You are an Art Critic! Select
one of the two installations and write a review. Summarize how well the artist
connected (unified) elements of the interior space to their installation (or
lack thereof). Is your review negative, positive, or both?
Answer the questions below:
In regards to the installation, was
the overall space utilized well? (read and think about all questions before
-Did the artist integrate their installation and the space (interior architecture) to create a unified piece? Describe how (read questions below before answering this question).
-What architectural aspects (elements)
of the gallery space were utilized, or could have been utilized to support the
installation (refer to elements and principles of design before writing).
-Can you think of possible solutions that could improve the installation in regards to the space / installation relationship?
* In your review, please cite the artist names, name of the show, where the show is located, viewing dates, etc.
In 1874, there were strict standards for works hung in the official Paris Salon. They had to be classically painted, perfectly aligned and glass-smooth with no brush strokes - almost photographic. A group of artists who had a different style of painting had often been rejected by the Salon. Their art went in a different direction. It embodied small, fast, colorful brush strokes that gave merely the essence, the "impression," of the subject. They decided to exhibit their works in an independent show. And their first show got a bad review.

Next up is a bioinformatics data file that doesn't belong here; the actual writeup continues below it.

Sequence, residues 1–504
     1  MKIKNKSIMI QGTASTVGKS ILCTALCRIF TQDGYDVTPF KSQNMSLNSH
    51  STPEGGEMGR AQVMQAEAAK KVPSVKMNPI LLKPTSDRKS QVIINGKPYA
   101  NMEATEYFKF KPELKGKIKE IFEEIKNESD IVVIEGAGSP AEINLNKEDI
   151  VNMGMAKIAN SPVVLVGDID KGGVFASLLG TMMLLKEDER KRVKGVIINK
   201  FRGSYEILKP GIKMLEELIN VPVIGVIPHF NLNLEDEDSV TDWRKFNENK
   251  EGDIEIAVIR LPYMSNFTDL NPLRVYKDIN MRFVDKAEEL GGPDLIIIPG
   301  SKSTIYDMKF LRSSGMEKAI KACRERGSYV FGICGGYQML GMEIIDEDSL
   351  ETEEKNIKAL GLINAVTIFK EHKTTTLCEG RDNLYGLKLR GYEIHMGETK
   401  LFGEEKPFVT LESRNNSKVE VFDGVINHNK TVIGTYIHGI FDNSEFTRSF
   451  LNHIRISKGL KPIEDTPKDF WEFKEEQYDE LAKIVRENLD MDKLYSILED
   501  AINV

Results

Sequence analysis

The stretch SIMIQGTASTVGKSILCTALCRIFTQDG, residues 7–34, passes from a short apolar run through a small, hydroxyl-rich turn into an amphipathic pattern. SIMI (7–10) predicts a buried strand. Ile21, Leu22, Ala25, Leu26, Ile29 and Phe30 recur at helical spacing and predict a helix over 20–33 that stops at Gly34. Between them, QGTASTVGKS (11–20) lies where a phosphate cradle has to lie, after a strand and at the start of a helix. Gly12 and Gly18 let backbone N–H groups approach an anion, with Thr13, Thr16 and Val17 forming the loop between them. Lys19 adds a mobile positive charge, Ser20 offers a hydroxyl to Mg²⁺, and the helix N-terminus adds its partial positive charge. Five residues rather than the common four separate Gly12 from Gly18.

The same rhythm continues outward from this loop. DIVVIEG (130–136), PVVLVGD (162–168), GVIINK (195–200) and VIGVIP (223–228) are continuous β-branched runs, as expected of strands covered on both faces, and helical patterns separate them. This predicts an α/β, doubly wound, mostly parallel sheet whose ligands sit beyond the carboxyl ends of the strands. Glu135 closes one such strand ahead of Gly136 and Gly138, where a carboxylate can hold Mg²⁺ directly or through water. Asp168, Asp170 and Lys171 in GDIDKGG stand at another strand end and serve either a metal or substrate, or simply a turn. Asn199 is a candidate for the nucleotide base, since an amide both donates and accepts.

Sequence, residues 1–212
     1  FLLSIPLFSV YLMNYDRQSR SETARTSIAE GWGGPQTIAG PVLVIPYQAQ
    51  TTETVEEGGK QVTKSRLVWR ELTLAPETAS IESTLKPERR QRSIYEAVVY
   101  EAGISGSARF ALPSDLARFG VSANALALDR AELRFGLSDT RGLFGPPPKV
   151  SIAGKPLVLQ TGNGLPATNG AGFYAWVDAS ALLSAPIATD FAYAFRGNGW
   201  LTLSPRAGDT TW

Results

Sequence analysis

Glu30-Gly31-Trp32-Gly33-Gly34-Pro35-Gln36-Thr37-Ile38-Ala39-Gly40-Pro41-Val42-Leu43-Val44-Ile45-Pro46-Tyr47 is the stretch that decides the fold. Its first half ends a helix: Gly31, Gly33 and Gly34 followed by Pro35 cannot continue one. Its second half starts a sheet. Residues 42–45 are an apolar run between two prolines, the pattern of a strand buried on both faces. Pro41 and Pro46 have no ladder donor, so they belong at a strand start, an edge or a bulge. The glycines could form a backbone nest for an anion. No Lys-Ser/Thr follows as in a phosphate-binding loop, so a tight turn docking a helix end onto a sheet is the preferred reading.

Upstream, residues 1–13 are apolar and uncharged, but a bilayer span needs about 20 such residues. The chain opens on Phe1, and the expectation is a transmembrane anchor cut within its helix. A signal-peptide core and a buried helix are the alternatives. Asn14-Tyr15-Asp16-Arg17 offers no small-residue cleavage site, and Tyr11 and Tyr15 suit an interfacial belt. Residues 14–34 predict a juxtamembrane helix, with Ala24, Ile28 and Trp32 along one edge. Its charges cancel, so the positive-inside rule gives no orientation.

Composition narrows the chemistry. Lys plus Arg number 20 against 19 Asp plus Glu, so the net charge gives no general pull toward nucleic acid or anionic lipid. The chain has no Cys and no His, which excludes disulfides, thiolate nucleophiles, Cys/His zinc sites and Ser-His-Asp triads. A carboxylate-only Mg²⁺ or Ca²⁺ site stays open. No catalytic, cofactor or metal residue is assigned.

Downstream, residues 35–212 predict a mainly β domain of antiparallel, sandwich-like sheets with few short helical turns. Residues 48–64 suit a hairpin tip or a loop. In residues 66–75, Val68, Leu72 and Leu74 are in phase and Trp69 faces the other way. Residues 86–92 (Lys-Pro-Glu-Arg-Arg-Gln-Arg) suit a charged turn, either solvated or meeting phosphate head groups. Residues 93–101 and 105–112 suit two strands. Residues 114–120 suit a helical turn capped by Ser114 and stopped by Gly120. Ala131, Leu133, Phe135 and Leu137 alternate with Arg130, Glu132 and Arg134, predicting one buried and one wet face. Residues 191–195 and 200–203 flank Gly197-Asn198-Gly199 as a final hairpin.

Art critic Louis Leroy ridiculed
the show, using the title of Monet's piece as the title of his hostile review,
"The Exhibition of the Impressionists." He wrote:
"Impression - I was certain of it. I was just telling myself that, since I was impressed, there had to be some impression in it... and what freedom, what ease of workmanship! Wallpaper in its embryonic state is more finished than that seascape."
Although intended as a derogatory remark, the term "Impressionism" was adopted by the artists themselves. The Impressionists were radicals at the time who now had a name for their new art movement.
Article Source: http://EzineArticles.com/4727320
The New York Times
Perhaps the impression that the
place is grim is exaggerated by the presence of several giant new sculptures
by Louise Bourgeois: a spider and three 30-foot steel spiral staircases, like
prison guard towers with enormous mirrors on top, plunked at the east end of
the hall. The sculptures are awful. Previously a neglected artist, Ms. Bourgeois
is now vastly overrated.
The quality of art improves episodically in the galleries. Tate officials (who can blame them?) have generally avoided art that would be too controversial. No decapitated cows. Nothing really risque. Nothing that might overshadow the experience of wandering fresh galleries for the first time.
By MICHAEL KIMMELMAN
Published: May 10, 2000